Quick-Take: Bringing the Public Health Perspective to Automated Cars

A car's sideview mirror with a view of the highway and other cars

“The projected reductions in morbidity and mortality from autonomous vehicles not only assume a near-ideal implementation — with few, if any, mechanical and software failures — but they also assume that forced decisions are being made now using solid logic grounded firmly in broadly acceptable ethical precepts. We must deal with these challenges by engaging in informed discussion using well-justified frameworks and accepted principles of public health ethics and by asking the right questions now,” Janet Fleetwood, PhD, professor in Drexel University’s Dornsife School of Public Health.

A car's sideview mirror with a view of the highway and other cars

In the movie “I, Robot,” Will Smith’s character hates androids because one chose to save him after a car crash rather than a young girl simply because his odds of survivability were higher.

While the movie is firmly placed in the realm of science fiction, automated life and death choices like that are not very far off. In fact, they will likely soon be a part of our day-to-day life in the form of self-driving cars.

“Autonomous vehicles present classic ethical conflicts between an individual’s interest — that passengers arrive quickly, cheaply and safely at their destination — and the community’s interest — that roads be safe for all travelers, including passengers in both autonomous and driver-dependent vehicles, as well as bicyclists and pedestrians,” said Janet Fleetwood, PhD, professor in the Dornsife School of Public Health.

(Check out an American Journal of Public Health podcast featuring Fleetwood speaking on the public health concerns of automated vehicles.)

With the potential to save almost 30,000 lives a year in the United States through elimination of driver error, automated cars could become one of the most important public health advances this century. But finding the right balance between individual rights, community concerns and industry interests creates a conundrum those in public health should weigh in on, Fleetwood argued in an analytic essay published to the American Journal of Public Health. In fact, she believes public health concerns should be addressed from the outset of designing autonomous vehicles rather than shoe-horned in later.

“It is only through early and consistent engagement that public health leaders will ensure that their unique skills, knowledge, values and perspective take the lead in important, ongoing conversations about autonomous vehicles,” Fleetwood said.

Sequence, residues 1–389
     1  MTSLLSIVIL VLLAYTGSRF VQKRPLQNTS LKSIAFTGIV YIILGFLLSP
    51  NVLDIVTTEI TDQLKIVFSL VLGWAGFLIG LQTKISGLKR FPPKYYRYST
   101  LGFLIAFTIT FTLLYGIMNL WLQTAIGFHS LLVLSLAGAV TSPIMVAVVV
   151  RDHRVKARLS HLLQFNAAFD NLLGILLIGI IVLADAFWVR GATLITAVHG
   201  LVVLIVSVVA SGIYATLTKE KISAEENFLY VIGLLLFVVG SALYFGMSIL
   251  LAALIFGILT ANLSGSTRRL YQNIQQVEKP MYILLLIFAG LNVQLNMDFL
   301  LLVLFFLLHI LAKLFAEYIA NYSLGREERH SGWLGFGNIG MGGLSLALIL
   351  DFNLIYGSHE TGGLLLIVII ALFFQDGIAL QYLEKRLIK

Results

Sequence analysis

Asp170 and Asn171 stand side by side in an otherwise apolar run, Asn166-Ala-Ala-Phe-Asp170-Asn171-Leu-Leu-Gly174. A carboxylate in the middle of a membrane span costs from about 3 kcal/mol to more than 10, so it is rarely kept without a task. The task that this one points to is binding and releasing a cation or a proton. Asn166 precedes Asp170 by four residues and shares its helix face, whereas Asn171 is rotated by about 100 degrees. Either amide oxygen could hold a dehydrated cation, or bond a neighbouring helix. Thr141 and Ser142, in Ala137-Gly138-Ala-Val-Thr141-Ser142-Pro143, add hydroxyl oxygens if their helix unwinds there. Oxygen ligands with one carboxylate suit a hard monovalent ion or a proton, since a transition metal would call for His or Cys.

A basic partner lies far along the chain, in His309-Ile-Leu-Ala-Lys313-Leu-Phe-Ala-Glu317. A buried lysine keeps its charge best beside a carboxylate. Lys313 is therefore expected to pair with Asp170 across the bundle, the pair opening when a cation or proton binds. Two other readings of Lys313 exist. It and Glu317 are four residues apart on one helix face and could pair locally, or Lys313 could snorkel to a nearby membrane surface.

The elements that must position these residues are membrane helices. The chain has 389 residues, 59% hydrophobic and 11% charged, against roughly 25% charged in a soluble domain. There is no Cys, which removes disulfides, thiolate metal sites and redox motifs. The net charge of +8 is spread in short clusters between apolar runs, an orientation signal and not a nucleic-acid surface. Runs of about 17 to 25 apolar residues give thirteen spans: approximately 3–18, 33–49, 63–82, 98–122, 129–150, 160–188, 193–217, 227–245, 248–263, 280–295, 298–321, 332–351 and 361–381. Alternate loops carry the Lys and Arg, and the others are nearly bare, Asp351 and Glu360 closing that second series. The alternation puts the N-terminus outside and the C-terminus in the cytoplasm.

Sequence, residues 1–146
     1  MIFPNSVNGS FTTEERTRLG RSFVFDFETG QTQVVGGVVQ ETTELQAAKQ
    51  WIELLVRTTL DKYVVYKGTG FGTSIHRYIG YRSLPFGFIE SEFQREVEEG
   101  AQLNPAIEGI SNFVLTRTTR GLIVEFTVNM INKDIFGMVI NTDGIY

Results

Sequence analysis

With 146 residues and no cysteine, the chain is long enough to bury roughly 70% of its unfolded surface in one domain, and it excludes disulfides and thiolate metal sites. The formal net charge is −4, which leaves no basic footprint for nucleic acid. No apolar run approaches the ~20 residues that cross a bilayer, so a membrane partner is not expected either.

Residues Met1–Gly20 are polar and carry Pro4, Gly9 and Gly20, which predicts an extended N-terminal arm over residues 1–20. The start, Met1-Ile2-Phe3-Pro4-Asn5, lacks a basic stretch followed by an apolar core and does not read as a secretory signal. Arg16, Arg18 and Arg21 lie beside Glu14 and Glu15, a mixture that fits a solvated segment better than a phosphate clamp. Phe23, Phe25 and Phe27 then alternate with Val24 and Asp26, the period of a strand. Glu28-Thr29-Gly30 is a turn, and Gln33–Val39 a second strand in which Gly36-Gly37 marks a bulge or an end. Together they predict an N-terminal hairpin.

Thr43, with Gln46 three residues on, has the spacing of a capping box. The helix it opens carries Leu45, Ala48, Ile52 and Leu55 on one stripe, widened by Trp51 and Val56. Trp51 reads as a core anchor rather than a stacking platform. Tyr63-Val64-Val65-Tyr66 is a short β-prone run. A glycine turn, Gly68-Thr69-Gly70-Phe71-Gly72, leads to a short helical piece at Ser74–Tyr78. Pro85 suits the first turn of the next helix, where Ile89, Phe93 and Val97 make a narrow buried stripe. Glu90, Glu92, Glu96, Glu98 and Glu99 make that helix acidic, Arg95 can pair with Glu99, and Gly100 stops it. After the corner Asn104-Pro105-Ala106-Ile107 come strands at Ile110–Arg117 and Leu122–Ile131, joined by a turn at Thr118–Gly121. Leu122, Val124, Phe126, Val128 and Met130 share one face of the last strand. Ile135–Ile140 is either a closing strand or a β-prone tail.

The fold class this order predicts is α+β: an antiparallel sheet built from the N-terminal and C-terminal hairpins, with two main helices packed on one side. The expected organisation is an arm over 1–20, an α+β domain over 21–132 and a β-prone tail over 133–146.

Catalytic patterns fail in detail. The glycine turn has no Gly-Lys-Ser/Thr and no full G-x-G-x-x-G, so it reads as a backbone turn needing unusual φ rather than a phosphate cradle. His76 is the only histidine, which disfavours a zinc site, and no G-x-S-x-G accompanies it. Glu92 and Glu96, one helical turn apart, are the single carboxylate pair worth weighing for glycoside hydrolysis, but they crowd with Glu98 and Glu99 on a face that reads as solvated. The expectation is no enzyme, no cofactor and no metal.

As Fleetwood writes, “it is simplistic to assume that self-driving cars need only follow the rules of the road.” There is more at stake when any vehicle hits the highway, whether it’s piloted by a human or artificial intelligence.

One such issue is captured by a mind puzzle known as “the trolley problem.” Effectively, the theoretical puzzle positions a person near a runaway trolley and asks whether they should allow the trolley to continue on its tracks and run over five people or pull a lever, switching the trolley to a branch of track where only one person is standing.

“You can either do nothing, allowing the speeding trolley to kill the five people on the main track, or divert the trolley by pulling the lever, resulting in the death of just one person,” Fleetwood explained. “The thought experiment asks which choice is most ethically justifiable.”

Then the puzzle poses increasingly complex situations — such as including ages of those on the tracks or whether those on the trolley might be hurt — requiring complicated ethical analysis. As in the trolley problem, autonomous vehicles must be pre-programmed to make difficult choices. The real world contains many unexpected driving hazards, including animals dashing onto roadways, cargo falling off trucks and sudden weather changes. Each of these could potentially put human lives at stake, and autonomous vehicles must be pre-programmed to make nearly instantaneous, ethically complex life-or-death choices.

Moreover, beyond the matter of how a car should react to an emergency situation, there’s other public health concerns to parse. How should these vehicles be regulated: should they be prohibited in some areas? And what about underserved populations? What kind of effect will autonomous vehicles have on them, especially since the first vehicles will likely be used by wealthier segments of the population? Should communities have a say about whether, when and where autonomous vehicles are tested and deployed?

All of these issues are still being wrestled over by manufacturers and policy-makers. And that makes this the right time for public health professionals to weigh in, Fleetwood argues, because they have much to offer when it comes time to finally settle these questions.

“Public health leaders should welcome autonomous vehicles as an incredible innovation that will likely transform transportation,” Fleetwood said. “It is incumbent on public health experts to keep pace with evolving technology, lead and participate actively in informed discussions, engage communities broadly, advocate rational and consistent regulations, systematically analyze ethical issues, and insist that outcomes be measured and disseminated effectively.”

Those interested in reading Fleetwood’s analytic essay, “Public Health, Ethics, and Autonomous Vehicles,” can access it here.